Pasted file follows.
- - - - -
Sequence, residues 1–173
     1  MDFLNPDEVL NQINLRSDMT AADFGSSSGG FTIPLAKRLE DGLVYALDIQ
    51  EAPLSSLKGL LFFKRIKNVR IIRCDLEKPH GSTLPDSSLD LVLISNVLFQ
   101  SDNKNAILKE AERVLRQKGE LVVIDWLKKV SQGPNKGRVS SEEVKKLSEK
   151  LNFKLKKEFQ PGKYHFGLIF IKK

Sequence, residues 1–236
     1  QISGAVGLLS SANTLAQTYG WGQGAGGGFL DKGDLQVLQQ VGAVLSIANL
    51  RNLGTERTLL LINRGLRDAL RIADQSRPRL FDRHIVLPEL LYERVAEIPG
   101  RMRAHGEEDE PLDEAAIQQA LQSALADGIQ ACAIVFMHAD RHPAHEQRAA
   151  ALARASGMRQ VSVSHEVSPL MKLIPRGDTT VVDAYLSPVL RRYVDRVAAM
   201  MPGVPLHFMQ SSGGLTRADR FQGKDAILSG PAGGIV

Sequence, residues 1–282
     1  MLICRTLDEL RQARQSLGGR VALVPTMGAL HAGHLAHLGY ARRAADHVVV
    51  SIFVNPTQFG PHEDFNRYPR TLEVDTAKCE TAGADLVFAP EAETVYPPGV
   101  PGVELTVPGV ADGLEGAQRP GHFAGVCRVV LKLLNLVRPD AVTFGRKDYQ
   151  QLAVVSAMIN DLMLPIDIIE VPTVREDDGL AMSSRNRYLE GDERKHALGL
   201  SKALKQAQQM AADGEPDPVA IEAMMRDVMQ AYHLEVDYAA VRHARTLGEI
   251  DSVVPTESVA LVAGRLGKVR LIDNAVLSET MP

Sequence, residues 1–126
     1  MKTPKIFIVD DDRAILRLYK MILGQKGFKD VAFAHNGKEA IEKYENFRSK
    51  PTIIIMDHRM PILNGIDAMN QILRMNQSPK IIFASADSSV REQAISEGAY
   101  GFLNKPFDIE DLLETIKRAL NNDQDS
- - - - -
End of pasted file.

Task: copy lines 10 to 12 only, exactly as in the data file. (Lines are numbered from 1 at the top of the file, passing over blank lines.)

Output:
   151  ALARASGMRQ VSVSHEVSPL MKLIPRGDTT VVDAYLSPVL RRYVDRVAAM
   201  MPGVPLHFMQ SSGGLTRADR FQGKDAILSG PAGGIV

Sequence, residues 1–282